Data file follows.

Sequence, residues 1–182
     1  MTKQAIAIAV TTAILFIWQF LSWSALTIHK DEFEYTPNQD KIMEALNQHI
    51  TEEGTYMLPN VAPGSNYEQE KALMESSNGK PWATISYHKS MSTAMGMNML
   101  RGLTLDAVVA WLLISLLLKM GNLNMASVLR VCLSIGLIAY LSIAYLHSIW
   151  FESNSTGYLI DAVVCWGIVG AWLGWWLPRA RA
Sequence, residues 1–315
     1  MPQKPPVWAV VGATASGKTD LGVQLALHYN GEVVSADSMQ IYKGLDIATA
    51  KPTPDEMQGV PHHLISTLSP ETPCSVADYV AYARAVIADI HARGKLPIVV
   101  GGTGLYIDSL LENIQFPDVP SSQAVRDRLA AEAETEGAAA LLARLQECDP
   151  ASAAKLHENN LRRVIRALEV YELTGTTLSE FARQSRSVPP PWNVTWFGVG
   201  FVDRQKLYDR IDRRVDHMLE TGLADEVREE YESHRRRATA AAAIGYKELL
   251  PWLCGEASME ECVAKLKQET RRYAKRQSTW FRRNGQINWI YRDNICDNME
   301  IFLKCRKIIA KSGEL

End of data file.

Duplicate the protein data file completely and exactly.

Sequence, residues 1–182
     1  MTKQAIAIAV TTAILFIWQF LSWSALTIHK DEFEYTPNQD KIMEALNQHI
    51  TEEGTYMLPN VAPGSNYEQE KALMESSNGK PWATISYHKS MSTAMGMNML
   101  RGLTLDAVVA WLLISLLLKM GNLNMASVLR VCLSIGLIAY LSIAYLHSIW
   151  FESNSTGYLI DAVVCWGIVG AWLGWWLPRA RA
Sequence, residues 1–315
     1  MPQKPPVWAV VGATASGKTD LGVQLALHYN GEVVSADSMQ IYKGLDIATA
    51  KPTPDEMQGV PHHLISTLSP ETPCSVADYV AYARAVIADI HARGKLPIVV
   101  GGTGLYIDSL LENIQFPDVP SSQAVRDRLA AEAETEGAAA LLARLQECDP
   151  ASAAKLHENN LRRVIRALEV YELTGTTLSE FARQSRSVPP PWNVTWFGVG
   201  FVDRQKLYDR IDRRVDHMLE TGLADEVREE YESHRRRATA AAAIGYKELL
   251  PWLCGEASME ECVAKLKQET RRYAKRQSTW FRRNGQINWI YRDNICDNME
   301  IFLKCRKIIA KSGEL